Today’s globalised businesses are caught in a similar cat-and-mouse game between value and cost. Nowhere is the need for a better mousetrap felt more than among software companies and their customers. Indian outsourcing companies have just come out of a glorious decade in which they chaperoned offshoring to the mainstream. But things aren’t going to remain static.
On the one hand, increasing costs, staff turnover and the gradual loss of foreign exchange arbitrage are eating into the profit margins of Indian companies. On the other hand, global companies are looking to automate more of their business functions, especially those performed iteratively by a large number of people. The combination of these factors is extracting innovative answers from the industry and the age of automation may have just begun.
After years of using low-cost labour to produce software, companies are moving to the next stage: more and more software coding and business process functions will now be put on auto-pilot, leaving employees free to pursue higher value tasks. Software firms are adopting solution accelerators to execute more work with the same people and deliver results faster to clients. Increasingly, this strategy is also becoming essential to retain clients.
“Within two to three years, as clients become accustomed to the cost savings, they begin to look for productivity benefits and service delivery innovations,” a Nasscom-McKinsey survey of business process offshoring in India says.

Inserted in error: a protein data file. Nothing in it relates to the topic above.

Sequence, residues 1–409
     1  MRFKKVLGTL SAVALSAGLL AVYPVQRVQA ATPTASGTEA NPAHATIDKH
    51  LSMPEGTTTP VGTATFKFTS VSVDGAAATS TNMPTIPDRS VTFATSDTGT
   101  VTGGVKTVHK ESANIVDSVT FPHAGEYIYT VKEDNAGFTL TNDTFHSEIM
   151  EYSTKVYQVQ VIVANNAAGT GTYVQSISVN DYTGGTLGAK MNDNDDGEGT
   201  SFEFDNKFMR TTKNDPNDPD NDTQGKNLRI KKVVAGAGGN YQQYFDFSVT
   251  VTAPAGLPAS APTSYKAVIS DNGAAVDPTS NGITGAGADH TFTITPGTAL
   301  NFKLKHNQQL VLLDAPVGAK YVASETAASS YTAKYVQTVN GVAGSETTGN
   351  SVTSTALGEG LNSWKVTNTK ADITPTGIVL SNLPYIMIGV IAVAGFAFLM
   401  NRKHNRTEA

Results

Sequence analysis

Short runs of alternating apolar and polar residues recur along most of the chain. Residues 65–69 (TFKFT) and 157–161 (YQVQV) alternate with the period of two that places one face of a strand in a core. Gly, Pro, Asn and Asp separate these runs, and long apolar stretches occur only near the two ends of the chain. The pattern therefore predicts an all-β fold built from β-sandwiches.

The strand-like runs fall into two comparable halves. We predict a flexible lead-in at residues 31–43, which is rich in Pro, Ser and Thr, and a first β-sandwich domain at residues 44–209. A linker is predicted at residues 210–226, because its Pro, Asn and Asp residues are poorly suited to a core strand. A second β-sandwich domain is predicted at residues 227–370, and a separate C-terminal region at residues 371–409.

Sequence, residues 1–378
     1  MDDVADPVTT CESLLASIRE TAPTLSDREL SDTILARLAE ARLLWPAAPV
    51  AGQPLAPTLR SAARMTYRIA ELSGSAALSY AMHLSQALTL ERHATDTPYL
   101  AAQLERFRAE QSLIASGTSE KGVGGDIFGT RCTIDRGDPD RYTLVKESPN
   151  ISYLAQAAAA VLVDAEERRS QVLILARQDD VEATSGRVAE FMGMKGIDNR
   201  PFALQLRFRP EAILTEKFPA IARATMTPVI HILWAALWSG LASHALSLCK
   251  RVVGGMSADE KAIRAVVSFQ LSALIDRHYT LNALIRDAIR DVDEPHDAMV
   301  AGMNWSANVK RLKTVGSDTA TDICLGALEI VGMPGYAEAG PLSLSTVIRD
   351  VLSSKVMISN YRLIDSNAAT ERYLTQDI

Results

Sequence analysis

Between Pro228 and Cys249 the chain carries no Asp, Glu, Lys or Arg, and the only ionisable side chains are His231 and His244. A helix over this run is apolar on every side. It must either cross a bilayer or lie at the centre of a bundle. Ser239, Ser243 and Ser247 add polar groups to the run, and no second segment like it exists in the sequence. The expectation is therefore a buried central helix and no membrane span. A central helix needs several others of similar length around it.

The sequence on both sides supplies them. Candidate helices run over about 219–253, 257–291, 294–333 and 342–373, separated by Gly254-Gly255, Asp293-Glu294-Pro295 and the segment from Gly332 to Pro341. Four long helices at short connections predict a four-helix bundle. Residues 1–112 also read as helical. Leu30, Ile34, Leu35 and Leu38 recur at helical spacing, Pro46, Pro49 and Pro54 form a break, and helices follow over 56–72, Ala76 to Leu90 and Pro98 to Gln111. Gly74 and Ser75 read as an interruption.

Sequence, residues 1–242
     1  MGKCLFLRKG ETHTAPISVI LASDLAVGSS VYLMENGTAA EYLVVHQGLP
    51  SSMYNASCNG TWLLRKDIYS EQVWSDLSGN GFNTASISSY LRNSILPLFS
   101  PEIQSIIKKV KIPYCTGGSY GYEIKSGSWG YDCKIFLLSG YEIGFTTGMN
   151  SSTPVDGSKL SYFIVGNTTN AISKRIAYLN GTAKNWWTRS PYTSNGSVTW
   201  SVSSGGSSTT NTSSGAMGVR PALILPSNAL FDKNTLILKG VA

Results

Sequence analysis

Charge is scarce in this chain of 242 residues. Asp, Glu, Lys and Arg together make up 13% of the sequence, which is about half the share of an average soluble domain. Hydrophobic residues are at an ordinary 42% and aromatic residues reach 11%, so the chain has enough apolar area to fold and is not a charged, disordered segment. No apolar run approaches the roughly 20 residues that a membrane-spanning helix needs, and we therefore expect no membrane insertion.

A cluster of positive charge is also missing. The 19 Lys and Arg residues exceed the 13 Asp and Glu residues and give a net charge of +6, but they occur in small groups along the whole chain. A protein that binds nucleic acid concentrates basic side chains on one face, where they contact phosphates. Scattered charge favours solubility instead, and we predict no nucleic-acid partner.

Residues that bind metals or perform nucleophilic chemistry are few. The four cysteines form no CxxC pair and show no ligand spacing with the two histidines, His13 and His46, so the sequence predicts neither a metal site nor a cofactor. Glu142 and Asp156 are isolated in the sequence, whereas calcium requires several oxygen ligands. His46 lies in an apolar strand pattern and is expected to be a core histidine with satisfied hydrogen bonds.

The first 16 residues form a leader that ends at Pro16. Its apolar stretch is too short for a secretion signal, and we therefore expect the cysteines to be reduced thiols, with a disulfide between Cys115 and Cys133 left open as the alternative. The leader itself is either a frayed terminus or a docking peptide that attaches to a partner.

If you want to get a sense of how software applications will be developed in the future, try Scratch.
You can download the program free from MIT Media Labs Web site (http://scratch.mit.edu). By dragging and dropping blocks from one part of your computer screen to another using a mouse, you can, within minutes make an animation, create a video game or tell an interactive story — without writing a single line of code.
Earlier, it would have taken some knowledge of computing, a lot of patience and time to do something similar. Now, all you need is a mouse. Admittedly, in the complex world of enterprise computing, developing a solution will never become this easy.
The Lego blocks approach
Scratch is aimed at children — not professionals. But its working can help in understanding why some of the biggest software makers such as IBM, Accenture, TCS, Infosys and Cognizant are upbeat about doing something similar in software development and business processes. Now, take MIT Media Lab’s product. When you drag and drop these building blocks in Scratch, you are in fact adding ‘lines of codes’ that had been written earlier and tested thoroughly.